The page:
New Delhi: It has not yet reached a crescendo but across the Indian Institutes of Management (IIMs) this week, one question is finally being asked aloud: Is this really the best way?
The top business schools kicked off placements on Tuesday, starting at IIM-Bangalore. But, this year, after several years of frantic hiring and high stress levels among both recruiters and candidates, there has been admission and recognition that reform is inevitable.
In some ways, the inflection is logical. It was only last year that a few IIMs took the drastic step of banning the “S” word—salary—and discussions of it during placements.
Tight schedule: A file photo of recruiters going for appointments with IIM-A students. Many say the recruitment process should be extended, giving time to recruiters to choose the right candidates and vice versa. (Photo: Madhu Kapparath/ Mint)
The IIMs in Ahmedabad, Bangalore and Kolkata each have a five-day or week-long process but, in real terms, the fight for the country’s most- sought-after business school talent is over in a day or two at every campus.
In this crucial time period, recruiters from investment banks and consulting firms, private equity companies, commercial banks and business conglomerates criss-cross the country, packing a tight schedule to make it to the three campuses scattered at almost the three ends of the country.
They will use their expertise to judge students in half-hour slots, try to lure them with big bonuses and foreign postings, lose good candidates to others, and pace the floor when competitors simply lock a candidate in their room to force a hire. “We understand that the recruitment process is competitive. We also think that the process is very stressful for the candidates themselves and a bit suboptimal for us as a recruiter,” said Vinod Nair, managing partner of Diamond Management and Technology Consultants’ India practice, which hires at the top IIMs and the Indian School of Business at Hyderabad. Diamond is also among the consultants used by HT Media Ltd, the publisher of Mint.
Nair calls the process stressful and unfair for candidates as they are forced to make on-the-spot decisions about jobs and careers, often “under pressure, without having time to think about the decision or getting others opinions”.
For recruiters, it is also less than desirable as they often do not get to spend enough time with the candidates or sometimes even meet the candidates who are on their list.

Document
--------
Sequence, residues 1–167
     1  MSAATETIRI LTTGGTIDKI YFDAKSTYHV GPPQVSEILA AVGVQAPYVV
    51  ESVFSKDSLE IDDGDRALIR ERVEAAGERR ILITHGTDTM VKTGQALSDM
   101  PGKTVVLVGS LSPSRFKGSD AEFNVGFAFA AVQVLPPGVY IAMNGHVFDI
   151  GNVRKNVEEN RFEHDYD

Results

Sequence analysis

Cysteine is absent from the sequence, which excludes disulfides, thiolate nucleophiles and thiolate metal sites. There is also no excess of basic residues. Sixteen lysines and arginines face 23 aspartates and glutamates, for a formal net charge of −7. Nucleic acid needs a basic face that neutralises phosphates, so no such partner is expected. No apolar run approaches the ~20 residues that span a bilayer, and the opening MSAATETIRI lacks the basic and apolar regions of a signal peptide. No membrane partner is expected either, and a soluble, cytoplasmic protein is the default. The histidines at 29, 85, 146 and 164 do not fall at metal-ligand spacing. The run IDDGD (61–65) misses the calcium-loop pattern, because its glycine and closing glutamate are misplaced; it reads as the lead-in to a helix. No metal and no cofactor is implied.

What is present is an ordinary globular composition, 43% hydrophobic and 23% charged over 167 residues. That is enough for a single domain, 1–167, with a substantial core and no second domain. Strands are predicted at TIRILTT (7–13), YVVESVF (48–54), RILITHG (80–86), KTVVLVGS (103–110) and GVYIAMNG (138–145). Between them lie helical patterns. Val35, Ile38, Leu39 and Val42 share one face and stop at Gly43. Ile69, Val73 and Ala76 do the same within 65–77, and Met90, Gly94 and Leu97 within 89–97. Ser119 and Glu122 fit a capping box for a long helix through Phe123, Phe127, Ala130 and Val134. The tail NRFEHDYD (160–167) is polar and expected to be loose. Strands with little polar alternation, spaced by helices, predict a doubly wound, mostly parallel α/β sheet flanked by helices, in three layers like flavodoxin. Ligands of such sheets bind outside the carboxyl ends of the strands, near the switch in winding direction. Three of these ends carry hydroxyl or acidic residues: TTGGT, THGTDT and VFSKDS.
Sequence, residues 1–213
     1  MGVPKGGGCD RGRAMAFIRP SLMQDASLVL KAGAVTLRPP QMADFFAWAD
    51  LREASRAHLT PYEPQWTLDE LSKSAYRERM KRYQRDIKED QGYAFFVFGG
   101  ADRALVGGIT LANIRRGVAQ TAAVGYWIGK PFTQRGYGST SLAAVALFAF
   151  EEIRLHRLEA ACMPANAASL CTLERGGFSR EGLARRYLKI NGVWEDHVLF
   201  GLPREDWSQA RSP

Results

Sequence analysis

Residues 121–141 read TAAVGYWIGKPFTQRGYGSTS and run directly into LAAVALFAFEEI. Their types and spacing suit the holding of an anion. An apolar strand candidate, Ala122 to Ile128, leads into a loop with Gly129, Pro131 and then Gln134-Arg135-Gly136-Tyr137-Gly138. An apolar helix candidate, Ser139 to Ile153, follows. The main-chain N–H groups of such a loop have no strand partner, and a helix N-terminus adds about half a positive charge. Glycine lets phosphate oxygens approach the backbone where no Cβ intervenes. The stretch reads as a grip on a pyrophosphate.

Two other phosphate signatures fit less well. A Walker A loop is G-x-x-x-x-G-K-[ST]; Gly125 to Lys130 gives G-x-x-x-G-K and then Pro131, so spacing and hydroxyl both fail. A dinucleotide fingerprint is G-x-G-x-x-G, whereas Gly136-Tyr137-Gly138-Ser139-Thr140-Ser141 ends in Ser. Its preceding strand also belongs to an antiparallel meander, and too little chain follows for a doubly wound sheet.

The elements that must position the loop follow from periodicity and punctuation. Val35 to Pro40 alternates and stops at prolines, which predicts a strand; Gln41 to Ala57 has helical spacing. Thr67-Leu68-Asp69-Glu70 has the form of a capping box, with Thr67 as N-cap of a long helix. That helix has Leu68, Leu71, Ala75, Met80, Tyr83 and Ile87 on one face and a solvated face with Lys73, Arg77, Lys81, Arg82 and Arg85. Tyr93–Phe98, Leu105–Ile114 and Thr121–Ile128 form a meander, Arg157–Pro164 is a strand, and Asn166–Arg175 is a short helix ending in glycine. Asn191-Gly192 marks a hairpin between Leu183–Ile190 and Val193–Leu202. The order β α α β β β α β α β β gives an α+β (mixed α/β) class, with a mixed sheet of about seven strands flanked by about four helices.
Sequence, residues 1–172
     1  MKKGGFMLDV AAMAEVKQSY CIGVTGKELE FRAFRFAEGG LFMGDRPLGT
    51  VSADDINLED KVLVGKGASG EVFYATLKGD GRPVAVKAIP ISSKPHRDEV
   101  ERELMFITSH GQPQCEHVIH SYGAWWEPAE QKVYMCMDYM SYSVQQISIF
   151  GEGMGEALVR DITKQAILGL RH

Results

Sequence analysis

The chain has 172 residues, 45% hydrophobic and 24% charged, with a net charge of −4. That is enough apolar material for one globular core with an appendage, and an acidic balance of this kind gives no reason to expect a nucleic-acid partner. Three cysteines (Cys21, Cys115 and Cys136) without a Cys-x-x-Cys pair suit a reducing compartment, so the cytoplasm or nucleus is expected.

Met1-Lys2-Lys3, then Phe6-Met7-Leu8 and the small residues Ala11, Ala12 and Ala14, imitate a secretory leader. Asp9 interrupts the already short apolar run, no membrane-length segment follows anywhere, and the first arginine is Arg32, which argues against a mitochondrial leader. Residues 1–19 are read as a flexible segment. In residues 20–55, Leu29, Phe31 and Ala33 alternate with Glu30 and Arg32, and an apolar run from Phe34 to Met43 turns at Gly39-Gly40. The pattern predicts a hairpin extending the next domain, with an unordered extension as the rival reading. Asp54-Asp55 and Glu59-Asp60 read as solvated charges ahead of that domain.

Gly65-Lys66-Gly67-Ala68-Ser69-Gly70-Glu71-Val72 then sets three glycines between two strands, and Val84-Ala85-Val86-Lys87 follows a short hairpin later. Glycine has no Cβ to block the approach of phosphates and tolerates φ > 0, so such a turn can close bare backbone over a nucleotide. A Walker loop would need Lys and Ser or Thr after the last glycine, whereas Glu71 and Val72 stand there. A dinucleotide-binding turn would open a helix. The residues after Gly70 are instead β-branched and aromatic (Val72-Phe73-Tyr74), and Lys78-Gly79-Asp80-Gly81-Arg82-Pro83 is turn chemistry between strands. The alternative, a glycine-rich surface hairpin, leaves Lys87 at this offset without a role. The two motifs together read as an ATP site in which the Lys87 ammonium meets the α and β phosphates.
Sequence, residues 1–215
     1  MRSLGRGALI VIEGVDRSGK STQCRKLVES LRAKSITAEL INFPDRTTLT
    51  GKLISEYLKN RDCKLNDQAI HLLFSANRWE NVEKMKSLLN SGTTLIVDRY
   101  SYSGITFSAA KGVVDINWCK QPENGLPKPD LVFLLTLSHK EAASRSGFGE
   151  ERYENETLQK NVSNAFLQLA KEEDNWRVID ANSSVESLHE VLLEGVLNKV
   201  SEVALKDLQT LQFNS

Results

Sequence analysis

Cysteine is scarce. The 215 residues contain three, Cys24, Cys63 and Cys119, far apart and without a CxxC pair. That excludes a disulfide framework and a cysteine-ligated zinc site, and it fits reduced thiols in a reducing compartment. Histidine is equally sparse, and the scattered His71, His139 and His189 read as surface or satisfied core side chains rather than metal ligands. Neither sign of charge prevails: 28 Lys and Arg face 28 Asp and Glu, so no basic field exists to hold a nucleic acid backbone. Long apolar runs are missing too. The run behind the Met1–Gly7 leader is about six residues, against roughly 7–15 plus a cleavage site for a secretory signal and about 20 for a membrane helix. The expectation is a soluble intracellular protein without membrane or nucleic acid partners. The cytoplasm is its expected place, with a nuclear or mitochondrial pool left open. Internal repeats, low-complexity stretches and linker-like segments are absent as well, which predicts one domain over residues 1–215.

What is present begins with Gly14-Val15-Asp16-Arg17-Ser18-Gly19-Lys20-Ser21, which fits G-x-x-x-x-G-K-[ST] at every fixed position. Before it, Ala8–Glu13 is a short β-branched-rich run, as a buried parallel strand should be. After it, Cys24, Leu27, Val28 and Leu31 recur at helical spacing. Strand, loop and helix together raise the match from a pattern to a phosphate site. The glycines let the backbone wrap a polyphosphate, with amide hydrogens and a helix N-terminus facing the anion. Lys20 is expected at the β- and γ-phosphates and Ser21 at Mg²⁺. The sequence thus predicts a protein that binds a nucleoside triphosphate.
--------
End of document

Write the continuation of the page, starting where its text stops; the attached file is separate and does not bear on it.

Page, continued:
The IIMs, it seems, agree with Nair, but say changes in the placement process won’t be immediate. They say a packed placement process essentially has evolved to suit a market that is hungry for talented business leaders.
Students, who manage the placements and have been taught in class to weigh their words as future CEOs, say change is desirable but not feasible. “I agree that in the long term the process needs to evolve. Maybe a rolling one that stretched over January and February. That’s the way forward,” said Rohan Mathur, who is part of the 18-member student placement body at IIM, Ahmedabad, in an annual ritual to take charge of the complex placement process.
IIMs say the placement process has evolved with feedback from companies. “Companies are very comfortable with the fact that when they leave campus at the end of the day, they have a fixed number of confirmed candidates, which they don’t have in a US B-school. Over there, they have to chase students for six months,” said Sourav Mukherji, teacher in charge of placements at IIM-B.
IIM-A’s Mathur warned that a rolling process can clash with student exchange programmes. IIMs have active student exchanges in the winter months when more than a quarter of the student body is away to campuses abroad, while students from Ivy League schools such as Columbia Business School and the Wharton arrive to experience Indian business education.
“It is a very competitive process. It is the alumni and the summer’s exposure which make a difference,” said Swaran Sehgal, head of human resources at Edelweiss Capital Ltd, referring to summer jobs and the strategy of sending alumni to hire candidates.